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Hell Drivers (1957)

Approved | | Crime, Drama, Film-Noir | 26 August 1957 (Sweden)
Ex-con trucker tries to expose his boss's rackets.


(as C. Raker Endfield)


(screenplay), (screenplay) (as C. Raker Endfield) | 2 more credits »

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Nominated for 1 BAFTA Film Award. See more awards »
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Cast overview, first billed only:
Tom Yately
Gino Rossi
C. 'Red' Redman
Wilfrid Lawson ...
Sidney James ...
Alfie Bass ...
Jimmy Yately
Wensley Pithey ...
Marjorie Rhodes ...
Ma West


Joe 'Tom' Yateley is an ex-convict. Trying to leave his past behind, he decides to start working for the Hawlett Trucking company, which transports gravel. It's an aggressive company, where speed is everything. Doing too few runs in a day? You're out. Red is the most experienced trucker; he can do 18 runs in a day. Tom soon makes friends with Lucy, the secretary, and Gino, a driver. But the record of Red intrigues him and he wants to break it. Gino advises against it, but he helps Tom when he wants to go through with it. Soon trouble begins when Red and the other drivers form a united front against Tom. Just when Tom has enough and decides to pack his bags, Lucy tells him Gino had a terrible accident. She also tells about the corruption of Hawlett Trucking. Written by Arnoud Tiele (zelva@tiele.nl)

Plot Summary | Add Synopsis


Roaring Down the World's Deadliest Roads!


Approved | See all certifications »




Release Date:

26 August 1957 (Sweden)  »

Also Known As:

Hard Drivers  »

Company Credits

Show detailed on  »

Technical Specs


Sound Mix:

(Westrex Recording System)

Aspect Ratio:

1.85 : 1
See  »

Did You Know?


David McCallum (Jimmy Yately) met his first wife, Jill Ireland (Jill) during filming in the autumn of 1956. See more »


When Red and his boss get into truck number 3, it has no number plate. When they arrive at the quarry road turning to park, the truck now wears a number plate. See more »


Lucy, Hawlett Trucking Secretary: I heard what they're saying. Is it true?
Tom Yately: Yes, it's true. I wasn't framed, and nobody talked me into anything. And the judge didn't give me a raw deal. Happy?
Lucy, Hawlett Trucking Secretary: You still have an invitation to eat at my place.
See more »


Referenced in Mad Max (1979) See more »

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User Reviews

Unless I'm pushed that is.
9 July 2010 | by (United Kingdom) – See all my reviews

Ex-convict Tom Yately snags himself a job driving for haulage company Hawletts. The drivers are paid per trip, something that spurs the men on to drive faster and be more reckless than your average employee. Making few friends at Hawletts, Tom uncovers shifty dealings between brutal foreman, Red, and Hawletts manager, Cartley. Something that ups the stakes considerably more as Tom and Red clash on and off the road.

A true British hard boiler is Hell Drivers that is chocked full of machismo. Who would have thought that a film about lorry drivers transporting gravel could be so exciting? Directed by Cy Endfield {Zulu}, Hell Drivers has something of the quintessential working class about it, which is good to see and is no bad thing at all. Gritty in texture, the film, although a crime film in essence, has good character substance. Tom, played by the criminally undervalued Stanley Baker, is a guy trying to move on with his life, his past misdemeanours hang heavy with him, courtesy of a nice family thread that exists within the picture. But here he is trying to earn a hard days pay, only to find that crime, thru no fault of his own, wont leave him be. There's also a crucial thread of bullying, essayed by the hulking and fabulous Patrick McGoohan. And of course there's the women caught up in this macho world, observers to daily recklessness, coming to terms with affairs of the heart as much as the daily grind.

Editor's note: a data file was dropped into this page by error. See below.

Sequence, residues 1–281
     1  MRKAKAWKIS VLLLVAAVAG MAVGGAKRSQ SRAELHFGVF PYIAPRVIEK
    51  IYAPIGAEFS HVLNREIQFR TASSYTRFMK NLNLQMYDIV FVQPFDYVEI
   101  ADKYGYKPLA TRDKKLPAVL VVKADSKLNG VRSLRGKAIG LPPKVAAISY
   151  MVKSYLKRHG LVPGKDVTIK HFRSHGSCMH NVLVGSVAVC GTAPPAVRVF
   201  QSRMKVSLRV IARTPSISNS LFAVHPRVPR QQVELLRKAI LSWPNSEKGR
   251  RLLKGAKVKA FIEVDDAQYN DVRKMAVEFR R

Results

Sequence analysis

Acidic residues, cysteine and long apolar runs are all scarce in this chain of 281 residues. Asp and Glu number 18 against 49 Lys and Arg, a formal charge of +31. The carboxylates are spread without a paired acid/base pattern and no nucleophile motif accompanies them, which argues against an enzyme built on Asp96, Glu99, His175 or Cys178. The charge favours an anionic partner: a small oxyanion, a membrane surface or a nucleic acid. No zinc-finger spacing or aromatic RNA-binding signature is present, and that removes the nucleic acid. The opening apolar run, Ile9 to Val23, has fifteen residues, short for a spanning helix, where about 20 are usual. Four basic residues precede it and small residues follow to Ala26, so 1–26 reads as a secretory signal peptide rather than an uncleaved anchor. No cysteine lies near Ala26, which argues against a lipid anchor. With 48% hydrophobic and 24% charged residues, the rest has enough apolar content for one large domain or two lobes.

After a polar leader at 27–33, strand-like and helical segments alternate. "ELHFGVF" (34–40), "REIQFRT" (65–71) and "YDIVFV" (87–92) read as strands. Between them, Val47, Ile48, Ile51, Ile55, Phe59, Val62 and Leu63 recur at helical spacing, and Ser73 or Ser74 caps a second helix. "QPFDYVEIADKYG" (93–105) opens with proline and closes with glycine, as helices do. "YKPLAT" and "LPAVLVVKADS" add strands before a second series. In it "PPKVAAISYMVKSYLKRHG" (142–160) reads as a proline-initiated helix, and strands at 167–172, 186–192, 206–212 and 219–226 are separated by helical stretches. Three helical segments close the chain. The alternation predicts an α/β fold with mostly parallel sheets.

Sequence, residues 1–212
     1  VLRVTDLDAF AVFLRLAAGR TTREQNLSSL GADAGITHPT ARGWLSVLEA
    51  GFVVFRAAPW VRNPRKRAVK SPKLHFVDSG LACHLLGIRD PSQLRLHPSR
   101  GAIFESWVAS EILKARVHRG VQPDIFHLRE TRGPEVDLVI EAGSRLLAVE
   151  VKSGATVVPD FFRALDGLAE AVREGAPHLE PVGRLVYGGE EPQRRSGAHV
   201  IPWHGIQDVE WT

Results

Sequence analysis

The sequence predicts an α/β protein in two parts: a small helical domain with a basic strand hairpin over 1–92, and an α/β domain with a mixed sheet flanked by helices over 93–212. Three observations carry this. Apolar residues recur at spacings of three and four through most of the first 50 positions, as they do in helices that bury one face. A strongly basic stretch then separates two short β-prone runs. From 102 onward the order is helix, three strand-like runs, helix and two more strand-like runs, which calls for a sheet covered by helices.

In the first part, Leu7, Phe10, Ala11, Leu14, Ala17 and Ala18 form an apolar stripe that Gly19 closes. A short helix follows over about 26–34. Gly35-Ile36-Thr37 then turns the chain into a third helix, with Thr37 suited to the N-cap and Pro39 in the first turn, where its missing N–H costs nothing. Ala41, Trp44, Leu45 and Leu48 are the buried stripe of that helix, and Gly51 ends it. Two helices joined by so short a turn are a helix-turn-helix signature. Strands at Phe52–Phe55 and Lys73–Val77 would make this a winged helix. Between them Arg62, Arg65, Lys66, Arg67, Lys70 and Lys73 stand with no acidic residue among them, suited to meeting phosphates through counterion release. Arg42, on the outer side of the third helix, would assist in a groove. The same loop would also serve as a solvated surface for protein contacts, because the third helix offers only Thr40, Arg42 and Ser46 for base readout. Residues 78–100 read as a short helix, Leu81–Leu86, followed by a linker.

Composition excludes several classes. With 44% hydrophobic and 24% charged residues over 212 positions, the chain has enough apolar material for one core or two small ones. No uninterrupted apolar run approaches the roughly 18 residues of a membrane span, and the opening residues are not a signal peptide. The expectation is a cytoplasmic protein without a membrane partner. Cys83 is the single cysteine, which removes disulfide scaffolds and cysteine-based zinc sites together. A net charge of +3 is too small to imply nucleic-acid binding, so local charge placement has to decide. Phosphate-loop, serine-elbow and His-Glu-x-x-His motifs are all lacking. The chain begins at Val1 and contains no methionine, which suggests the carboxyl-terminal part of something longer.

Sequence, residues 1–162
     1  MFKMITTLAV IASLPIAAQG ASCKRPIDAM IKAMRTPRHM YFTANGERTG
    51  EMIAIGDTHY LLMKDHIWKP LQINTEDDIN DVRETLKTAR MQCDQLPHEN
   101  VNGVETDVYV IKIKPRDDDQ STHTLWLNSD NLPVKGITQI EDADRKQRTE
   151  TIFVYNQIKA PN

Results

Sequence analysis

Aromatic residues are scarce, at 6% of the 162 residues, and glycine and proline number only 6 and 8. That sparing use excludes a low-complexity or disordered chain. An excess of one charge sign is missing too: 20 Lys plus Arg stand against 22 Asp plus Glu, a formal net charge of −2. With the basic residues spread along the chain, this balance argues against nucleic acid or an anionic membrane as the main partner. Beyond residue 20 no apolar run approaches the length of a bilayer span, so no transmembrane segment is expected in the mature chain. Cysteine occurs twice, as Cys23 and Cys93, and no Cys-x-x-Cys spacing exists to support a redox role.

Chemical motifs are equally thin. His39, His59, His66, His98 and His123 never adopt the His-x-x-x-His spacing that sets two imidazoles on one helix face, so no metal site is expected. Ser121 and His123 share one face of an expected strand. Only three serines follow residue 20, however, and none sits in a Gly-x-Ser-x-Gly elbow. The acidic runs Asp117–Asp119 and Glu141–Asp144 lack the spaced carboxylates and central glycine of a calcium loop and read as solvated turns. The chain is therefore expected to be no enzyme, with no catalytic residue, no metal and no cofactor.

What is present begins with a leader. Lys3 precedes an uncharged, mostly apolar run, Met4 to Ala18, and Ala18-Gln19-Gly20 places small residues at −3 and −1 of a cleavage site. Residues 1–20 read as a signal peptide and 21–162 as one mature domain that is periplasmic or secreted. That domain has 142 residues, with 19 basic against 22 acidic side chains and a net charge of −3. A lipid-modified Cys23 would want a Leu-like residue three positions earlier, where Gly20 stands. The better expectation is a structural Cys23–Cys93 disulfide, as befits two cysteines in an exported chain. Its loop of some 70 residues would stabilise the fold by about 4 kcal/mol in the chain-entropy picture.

Set to a back drop of cafés, boarding houses, village dances, disused quarries and tight winding roads, Endfield and his crew have the working class atmosphere spot on. For sure it's the roaring trucks that bring the excitement, but it's the working class everyman (and woman) heart that drives Hell Drivers along. But be that as it may, it's the trucks, and the men behind the wheels, that the film is most remembered for. Endfield shooting the road beasts front and rear, really puts us out on the road with them. That we are involved with the characters and their surroundings, for better or worse, really aids the experience, such is the authentic feel that Endfield has crafted.

A roll call of Great British talent lines up alongside McGoohan, who may have been born in America, but was an honorary Brit due to his work on TV show The Prisoner. Into the Baker led beef stew comes Sean Connery, Sid James, William Hartnel, Alfie Bass, Wilfrid Lawson, David McCallum and Gordon Jackson. With Herbert Lom adding a continental aspect as the crucial, and emotionally driven Gino Rossi. The girls are played by Peggy Cummins, Jill Ireland and Marjorie Rhodes, with Cummins particularly standing out in amongst this hairy knuckled world.

On release the film garnered mixed reviews, but with each passing decade Hell Drivers has broken free of its cult only status. To which it now stands tall as a true British classic, that thankfully got a DVD treatment in 2007 to finally do it justice. 9/10

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